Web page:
Living in Hiding From Libyan Militias
Farrah Hamary looks the picture of despair as sweat trickles down his face in Tripoli’s heat and humidity. Hamary is too afraid to give his full name or to allow his picture to be taken.
He shows IPS the scars criss-crossing his back, the cigarette burns on his arms, and the bones in his left hand which failed to heal properly when it was broken by Libyan militiamen.
Hamary, 39, is from Sudan’s war-torn and economically deprived region Kordofan. He came to Libya several years ago to eke out a living selling vegetables and fruit from his street stall in the Suq Al Ahad market in Tripoli’s Kasr Ben Gashir neighbourhood. His meagre earnings were sent back to his wife and child in Sudan.
Hamary now lives in fear. He has become victim of a militia brigade, (Katiba in Arabic), who control his local neighbourhood through fear, intimidation and extortion.
By day the Fatih Katiba, whose chief calls himself Izzedine, wear Libyan army fatigues. By night he and his group exchange military uniforms for civilian clothing, steal and demand protection money, predominantly from sub-Saharan Africans in the area.
Hamary came to the attention of the Fatih militia when a friend was involved in a car accident in July near Kasr Ben Gashir, and he went to help. Shortly afterwards Izzedine’s men arrived on the scene. They took Hamary back to their headquarters where he was beaten and tortured over two days though he had committed no crime.
“I was hung upside down and beaten on the soles of my feet. They beat me repeatedly with an iron bar on my back and arms until I was bleeding. I was also beaten with a chair and cigarette butts were extinguished on my arms. My hand was broken during the beating and it still hasn’t healed properly,” Hamary told IPS.
The Katiba confiscated Hamary’s passport, took his car and demanded he pay them 5,000 Libyan Dinars before they would return his passport. On his release Hamary reported the incident to the Sudanese embassy in Tripoli, which gave him a letter to take to the police. Sudanese embassy staff have themselves lost several cars to armed hijackings.
“The police were not interested and told me to leave. They are afraid of the militia who have
previously attacked the police station and stolen guns. There is no law and order in this country,” said Hamary.
The Sudanese migrant’s next step was to hire a lawyer, who went with him to see Izzedine and tell him what his men had done. “He just laughed and said ‘God be with you. You can leave now.’”
Issa Ibrahim from Darfur is among the lucky few to have got away. He escaped to Libya fleeing Khartoum’s Janjaweed militia, who have carried out a scorched earth policy at the behest of the Sudanese government. In Tripoli he opened a small clothing shop in the Al Rasheed neighbourhood to help support his wife and children back in Darfur.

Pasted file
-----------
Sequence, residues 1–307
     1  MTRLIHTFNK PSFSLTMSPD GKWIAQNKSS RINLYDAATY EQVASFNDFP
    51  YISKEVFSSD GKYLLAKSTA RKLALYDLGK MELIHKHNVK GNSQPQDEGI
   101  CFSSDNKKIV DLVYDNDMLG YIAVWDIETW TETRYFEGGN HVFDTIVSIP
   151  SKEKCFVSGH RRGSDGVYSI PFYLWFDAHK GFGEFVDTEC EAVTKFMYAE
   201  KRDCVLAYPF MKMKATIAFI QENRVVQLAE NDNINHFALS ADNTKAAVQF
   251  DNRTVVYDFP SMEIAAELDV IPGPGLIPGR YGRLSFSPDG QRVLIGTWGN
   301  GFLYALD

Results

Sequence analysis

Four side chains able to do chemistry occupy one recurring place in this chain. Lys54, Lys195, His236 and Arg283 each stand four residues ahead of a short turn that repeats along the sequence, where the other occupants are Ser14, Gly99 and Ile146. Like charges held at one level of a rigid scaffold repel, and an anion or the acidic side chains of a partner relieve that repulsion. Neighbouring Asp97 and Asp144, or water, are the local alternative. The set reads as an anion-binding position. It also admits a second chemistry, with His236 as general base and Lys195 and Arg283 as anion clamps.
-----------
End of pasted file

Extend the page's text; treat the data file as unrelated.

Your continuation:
“I’ve made friends with my Libyan neighbours and they look out for me if anybody starts to make trouble with me,” Ibrahim told IPS. “So far nobody has hurt me physically. They have only called me insulting names because I’m black. There are a lot of Libyans who look down on black Africans.
“But I have to take a lot of precautions. I don’t go out after 7pm because the streets are dangerous, especially if you are black and foreign. I also avoid certain neighbourhoods and some cities such as Misrata I would never go anywhere near.”
During the revolution former dictator Muammar Gaddafi hired African mercenaries to fight the rebels. A significant number of black Libyans, particularly those from the town of Tawergha near Misrata, sided with Gaddafi and are alleged to have committed atrocities against the civilian population of Misrata.
Libya has long attracted migrants from neighbouring countries and other parts of the world seeking economic opportunities unavailable to them in their home countries, or using it as a transit point to Europe.
Under Gaddafi, Libya, with a small population and rich oil reserves, relied heavily on hundreds of thousands of migrant labourers to prop up the economy. Many of the migrants managed to escape during the civil war, but others chose to take their chance in Libya because conditions in some of their homelands were even more dire.
“The situation in the country has not yet stabilised and there is no central power capable of governing of the whole territory,” the International Federation for Human Rights (FIDH) in conjunction with the NGO Migreurop reported in June after visiting a number of migrant camps in Libya.
“So armed militia groups and individuals have taken it upon themselves to decide on the treatment of migrants, outside of any legal framework. The militias control, arrest and detain migrants in improvised retention/detention camps. Invoking security concerns to justify the ‘clean-up of illegals’, they hunt migrants down, with sub-Saharan Africans as their prime targets.”
Read more by Mel Frykberg
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